5) SEO

Hire a competent, plugged-in SEO consultant who is up-to-date with the latest trends in mobile marketing. Your mobile site should feature rich content like videos, and be kitted out with the proper redirect codes so that users are seeing what you want them to see. A proper SEO strategy is plays a significant role in boosting web and foot traffic, so ignore it at your peril.

June 18, 2014

A/B Testing Your Text Ads

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By 2018, the world will see 9.3 billion mobile data plans in use. When it comes to capitalizing on the vast potential of mobile ads and SMS campaigns, marketers have barely begun to scratch the surface. Mobile marketing budgets in the U.S. alone will soon reach $4.4 billion, but unless businesses measure the effectiveness of their messaging, they may be wasting money. 

This is exactly why A/B split testing is an essential tool for successful mobile marketing. Instead of making educated guesses, marketers should instead analyze concrete evidence to assess which campaign messaging works. Using this method to fine-tune one of its own marketing campaigns, top Australian parenting site Kidspot, for example, saw user app engagement go up by 87% in just two weeks. 

What is A/B Split Testing?

A/B split testing is a method for testing two variations of a campaign to compare their performances. The A/B split testing of SMS texting campaigns helps boost ROI, allowing more marketing dollars to be invested in the messaging that drives the most sales. It also makes optimizing future campaigns possible.

Regardless of whether the goal is increasing the response rates or sales or simply reducing “unsubscribe” rates, the method is simple:

  • Write two variations of the SMS message.
  • Split recipients into two lists.
  • Message variation A goes to one list, variation B to the other.

To track which campaign message generates which responses, variations A and B should ask consumers to text in to two different short codes. If two different short codes cannot be used, the two messages should at least be sent a few days apart, giving the first mobile ad's effect some time to wear off for a better read on the data, which may be viewed via Google Analytics or a similar tool.

How are A/B Split Test Results Used?

Once data is collected, these questions should be asked:

  • Did one message have a higher “open” rate than the other?
  • Of the number of messages opened, did one variation have a higher response rate?
  • Did one message have a lower “unsubscribe” rate?
  • Which message generated the highest number of sales or inquiries?

If there is no significant difference between the two messages' performance, it's possible the SMS campaign messages were too similar. The following factors should be taken into account:

  • Tone: Did both message sound professional or friendly?
  • Keywords: Was a compelling keyword used in one message or both?
  • Price: Did only one version include the price, or did both? And were prices similarly presented?
  • Calls to action: How were they different? For instance, did they both ask recipients to text, or did one ask consumers to call?
  • Time of day: Consider testing to see if different times of day lead to the higher open, response, and/or conversion rates as well.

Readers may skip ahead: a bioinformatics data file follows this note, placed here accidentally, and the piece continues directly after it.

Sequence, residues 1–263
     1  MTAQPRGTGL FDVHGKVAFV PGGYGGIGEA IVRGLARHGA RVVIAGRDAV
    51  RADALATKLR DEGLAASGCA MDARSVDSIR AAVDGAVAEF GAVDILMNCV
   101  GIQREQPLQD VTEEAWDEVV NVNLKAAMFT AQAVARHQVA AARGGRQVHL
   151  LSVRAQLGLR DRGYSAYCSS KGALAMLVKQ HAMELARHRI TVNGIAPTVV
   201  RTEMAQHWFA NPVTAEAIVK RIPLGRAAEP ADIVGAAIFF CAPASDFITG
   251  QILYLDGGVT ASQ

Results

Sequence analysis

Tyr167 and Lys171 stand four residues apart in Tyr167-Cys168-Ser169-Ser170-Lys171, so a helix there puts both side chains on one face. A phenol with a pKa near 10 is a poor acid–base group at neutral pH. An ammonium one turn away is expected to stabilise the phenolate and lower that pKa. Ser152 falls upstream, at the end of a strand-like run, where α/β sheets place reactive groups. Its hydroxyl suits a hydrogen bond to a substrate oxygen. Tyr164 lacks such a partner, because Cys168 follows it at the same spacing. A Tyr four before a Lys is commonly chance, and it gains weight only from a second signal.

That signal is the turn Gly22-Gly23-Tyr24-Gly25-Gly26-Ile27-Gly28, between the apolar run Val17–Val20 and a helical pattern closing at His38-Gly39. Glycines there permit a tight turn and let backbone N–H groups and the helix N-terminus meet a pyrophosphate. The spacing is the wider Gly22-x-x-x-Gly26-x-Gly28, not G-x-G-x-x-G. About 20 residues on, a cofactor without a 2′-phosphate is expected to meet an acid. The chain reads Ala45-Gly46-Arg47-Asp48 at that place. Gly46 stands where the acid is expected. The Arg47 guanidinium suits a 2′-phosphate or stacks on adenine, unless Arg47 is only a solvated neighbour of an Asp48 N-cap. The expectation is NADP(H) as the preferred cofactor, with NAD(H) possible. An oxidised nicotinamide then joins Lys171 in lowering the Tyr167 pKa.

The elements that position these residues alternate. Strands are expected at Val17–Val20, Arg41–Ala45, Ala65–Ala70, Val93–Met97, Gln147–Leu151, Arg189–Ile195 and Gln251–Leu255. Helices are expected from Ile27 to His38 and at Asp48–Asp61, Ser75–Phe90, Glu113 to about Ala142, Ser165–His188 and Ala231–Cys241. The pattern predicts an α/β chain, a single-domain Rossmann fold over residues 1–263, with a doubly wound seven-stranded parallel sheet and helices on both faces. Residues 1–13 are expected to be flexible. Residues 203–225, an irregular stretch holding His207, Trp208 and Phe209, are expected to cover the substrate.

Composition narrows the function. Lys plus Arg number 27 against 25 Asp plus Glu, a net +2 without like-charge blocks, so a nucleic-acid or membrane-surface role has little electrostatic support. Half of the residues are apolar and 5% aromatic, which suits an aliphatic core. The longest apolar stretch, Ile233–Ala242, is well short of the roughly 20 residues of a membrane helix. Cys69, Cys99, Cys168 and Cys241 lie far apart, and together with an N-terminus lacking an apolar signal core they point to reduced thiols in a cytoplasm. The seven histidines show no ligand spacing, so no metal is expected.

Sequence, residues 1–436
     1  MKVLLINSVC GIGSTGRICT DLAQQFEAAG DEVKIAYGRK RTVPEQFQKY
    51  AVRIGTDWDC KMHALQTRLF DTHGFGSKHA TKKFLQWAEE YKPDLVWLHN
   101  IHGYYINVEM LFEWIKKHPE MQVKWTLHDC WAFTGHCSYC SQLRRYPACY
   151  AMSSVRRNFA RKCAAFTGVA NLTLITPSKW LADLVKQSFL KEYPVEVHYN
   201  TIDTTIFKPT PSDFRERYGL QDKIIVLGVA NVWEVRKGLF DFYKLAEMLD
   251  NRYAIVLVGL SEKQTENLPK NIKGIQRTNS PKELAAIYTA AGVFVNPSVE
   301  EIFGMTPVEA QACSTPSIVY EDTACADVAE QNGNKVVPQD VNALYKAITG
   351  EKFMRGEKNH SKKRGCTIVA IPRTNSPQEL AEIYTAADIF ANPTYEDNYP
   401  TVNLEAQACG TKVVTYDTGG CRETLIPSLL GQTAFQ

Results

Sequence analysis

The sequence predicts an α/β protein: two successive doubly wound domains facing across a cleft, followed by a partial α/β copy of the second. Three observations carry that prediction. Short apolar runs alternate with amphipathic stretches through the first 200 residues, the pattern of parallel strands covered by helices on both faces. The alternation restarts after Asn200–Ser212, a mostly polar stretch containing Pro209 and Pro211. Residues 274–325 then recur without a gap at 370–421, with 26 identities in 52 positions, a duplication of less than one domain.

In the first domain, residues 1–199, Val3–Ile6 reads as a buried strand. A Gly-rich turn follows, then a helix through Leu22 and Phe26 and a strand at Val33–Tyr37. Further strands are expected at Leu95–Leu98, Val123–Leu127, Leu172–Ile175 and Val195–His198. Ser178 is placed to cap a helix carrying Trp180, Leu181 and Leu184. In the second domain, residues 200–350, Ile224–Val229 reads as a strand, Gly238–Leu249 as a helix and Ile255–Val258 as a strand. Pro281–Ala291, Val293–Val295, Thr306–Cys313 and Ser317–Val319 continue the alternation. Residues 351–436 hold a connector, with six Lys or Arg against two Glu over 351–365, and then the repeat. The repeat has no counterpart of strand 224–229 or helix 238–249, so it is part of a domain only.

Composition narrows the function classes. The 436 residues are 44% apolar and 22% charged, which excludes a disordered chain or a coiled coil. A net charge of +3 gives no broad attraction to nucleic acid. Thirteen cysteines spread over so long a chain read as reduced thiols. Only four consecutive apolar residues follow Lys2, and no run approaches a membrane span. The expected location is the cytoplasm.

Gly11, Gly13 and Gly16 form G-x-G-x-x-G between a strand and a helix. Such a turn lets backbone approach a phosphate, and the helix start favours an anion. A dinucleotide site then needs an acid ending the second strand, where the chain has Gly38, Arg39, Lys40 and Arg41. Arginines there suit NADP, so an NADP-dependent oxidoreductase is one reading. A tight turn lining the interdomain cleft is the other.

• Subscriber lists: Consider testing one consumer demographic over another. For instance, some campaigns may be more effective with recipients living in suburban zip codes than those living elsewhere.

If one message significantly out-performs the other, principles used in the most successful message can be applied to future campaigns.

Companies may split test more than two variations – known as multi-variant testing – so long as their recipient list is large enough for a good sampling.  A/B split testing and multi-variant testing are excellent ways to ensure marketing dollars are going where they pay off the most and that each mobile campaign is more effective than the last. No matter how well an SMS or text ad campaign performs, there is always room for improvement.

June 12, 2014

Mobile Marketing Tactics: Buy Online, Pick Up In Store

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In an era when Amazon.com can deliver almost anything imaginable – by delivery truck or even via drone  – consumers have increasingly come to expect items for purchase to be not only inexpensive and widely available, but also shipped to them quickly and conveniently. As a result, brick-and-mortar retailers everywhere are struggling to keep up with emerging technology. That struggle can be especially difficult in the midst of elevated demand for free shipping when retail margins are already growing thin.

The good news is that savvy retailers are figuring out ways to harness mobile technology to better meet consumer demand and simultaneously increase in-store foot traffic. Leveraging the power of SMS text marketing campaigns, retailers are urging their mobile customers to order items online and pick them up in-store.

Consumer Convenience that Also Benefits Retailers

Because of the high cost of shipping, increasingly more retailers are seeking cost-saving measures that include delivering purchases directly to stores instead of homes, as well as allowing customers to return mobile online purchases in-store, among other strategies.